by John R. Fischer
, Senior Reporter | August 29, 2023
A newly developed laser-based ultrasound enables the solution to image organs, fat, muscle, tendons, blood vessels, to measure bone strength, and possibly to track diseases over time without scans being distorted by movement and compression applied by probes to skin or variability from repeat scans performed by different sonographers.
Researchers at the Massachusetts Institute of Technology Lincoln (MIT) Laboratory teamed up with the Massachusetts General Hospital (MGH) Center for Ultrasound Research and Translation (CURT) to develop the Noncontact Laser Ultrasound (NCLUS), which applies a pulsed laser to the skin and creates ultrasonic waves.
The researchers say that the lack of physical contact could make NCLUS useful for imaging fragile patients and those with painful, sensitive conditions and who are at risk for infections.
The skin feels no sensation during the exam, and ultrasound echoes from the tissue appear as localized vibrations on its surface and are measured by a sensitive, specialized laser Doppler vibrometer.
The system uses a fixed-reference-frame, based on skin markers, to reproduce and compare repeat scans over time, preventing variability. The lab team also developed software to process these scans and detect changes between them, boosting its potential for disease tracking.
The researchers tested a proof-of-concept (GEN-1) system in 2019 but found that its image resolution was less than that of state-of-the-art medical ultrasounds, and that the acquisition time was too long and impractical.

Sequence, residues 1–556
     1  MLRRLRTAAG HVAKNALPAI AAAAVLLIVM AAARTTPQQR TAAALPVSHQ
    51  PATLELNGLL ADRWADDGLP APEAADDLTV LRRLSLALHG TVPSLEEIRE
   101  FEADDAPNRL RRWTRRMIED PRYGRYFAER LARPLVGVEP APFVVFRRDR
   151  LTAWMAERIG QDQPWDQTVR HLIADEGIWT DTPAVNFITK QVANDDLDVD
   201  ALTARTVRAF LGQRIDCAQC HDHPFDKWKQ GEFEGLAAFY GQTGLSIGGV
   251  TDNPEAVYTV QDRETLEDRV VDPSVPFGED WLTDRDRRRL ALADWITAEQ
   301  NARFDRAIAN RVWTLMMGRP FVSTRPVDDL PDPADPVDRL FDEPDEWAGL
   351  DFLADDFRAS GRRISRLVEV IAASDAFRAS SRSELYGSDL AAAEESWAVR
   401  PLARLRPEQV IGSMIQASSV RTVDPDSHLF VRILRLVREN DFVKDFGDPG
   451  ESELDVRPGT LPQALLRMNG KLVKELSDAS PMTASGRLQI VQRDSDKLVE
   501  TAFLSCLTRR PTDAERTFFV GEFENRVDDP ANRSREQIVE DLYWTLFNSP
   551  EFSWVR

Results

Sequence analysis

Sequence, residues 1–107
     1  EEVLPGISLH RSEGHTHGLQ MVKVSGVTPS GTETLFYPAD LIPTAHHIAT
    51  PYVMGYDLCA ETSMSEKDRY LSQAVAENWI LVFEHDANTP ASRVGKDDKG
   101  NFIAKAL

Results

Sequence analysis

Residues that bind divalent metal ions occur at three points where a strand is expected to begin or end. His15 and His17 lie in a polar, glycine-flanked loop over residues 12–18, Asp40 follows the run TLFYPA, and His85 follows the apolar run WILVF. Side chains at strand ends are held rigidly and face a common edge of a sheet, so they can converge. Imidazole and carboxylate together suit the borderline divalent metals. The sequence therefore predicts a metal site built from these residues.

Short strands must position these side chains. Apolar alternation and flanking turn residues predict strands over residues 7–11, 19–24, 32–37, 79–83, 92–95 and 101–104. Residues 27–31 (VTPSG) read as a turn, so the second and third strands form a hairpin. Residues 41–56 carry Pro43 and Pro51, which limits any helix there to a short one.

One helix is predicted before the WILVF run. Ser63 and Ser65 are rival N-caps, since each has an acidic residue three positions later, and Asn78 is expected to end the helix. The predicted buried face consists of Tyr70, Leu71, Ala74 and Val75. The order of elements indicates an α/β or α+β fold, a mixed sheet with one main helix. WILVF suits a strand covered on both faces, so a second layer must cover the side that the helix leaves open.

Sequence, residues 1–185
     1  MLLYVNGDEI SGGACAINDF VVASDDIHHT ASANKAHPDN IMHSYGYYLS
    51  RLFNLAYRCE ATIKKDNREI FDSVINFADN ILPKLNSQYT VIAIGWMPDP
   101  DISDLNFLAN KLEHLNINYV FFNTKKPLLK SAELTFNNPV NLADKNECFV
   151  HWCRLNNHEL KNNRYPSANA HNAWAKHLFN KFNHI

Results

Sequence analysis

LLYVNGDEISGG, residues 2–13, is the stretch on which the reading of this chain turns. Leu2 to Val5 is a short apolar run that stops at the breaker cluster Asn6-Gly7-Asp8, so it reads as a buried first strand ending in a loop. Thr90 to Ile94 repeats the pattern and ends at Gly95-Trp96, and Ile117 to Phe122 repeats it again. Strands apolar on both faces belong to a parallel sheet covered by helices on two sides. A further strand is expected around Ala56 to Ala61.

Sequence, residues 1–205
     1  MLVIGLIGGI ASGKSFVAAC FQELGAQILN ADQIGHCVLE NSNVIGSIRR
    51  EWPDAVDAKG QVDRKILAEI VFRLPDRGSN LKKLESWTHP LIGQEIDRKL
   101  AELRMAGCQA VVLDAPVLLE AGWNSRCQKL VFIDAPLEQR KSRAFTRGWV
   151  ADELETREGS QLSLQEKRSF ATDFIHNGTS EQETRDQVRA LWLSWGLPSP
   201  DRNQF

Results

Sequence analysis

In their clinical system, the laser source and receiver are miniaturized and within an optical head attached to a portable armature that can be positioned with many degrees of freedom to view various anatomical regions. The lasers are 500 times faster than the GEN-1 system, reducing acquisition time to less than a minute; and higher ultrasound frequencies create resolutions of 200 microns, similar to state-of-the-art medical ultrasounds.
The researchers plan to make acquisition times less than one second in future prototypes, and are currently developing systems for military field use, including internal bleeds, musculoskeletal injury monitoring, and elastographic imaging of soft tissue and bone of amputee limb regions for prosthetic designs.
Their next step is to use an operational skin-safe laser in clinical studies to compare NCLUS ultrasound scans to conventional systems. Should those be successful, they plan to seek commercial funding for clinical development, followed by FDA approval. Back to HCB News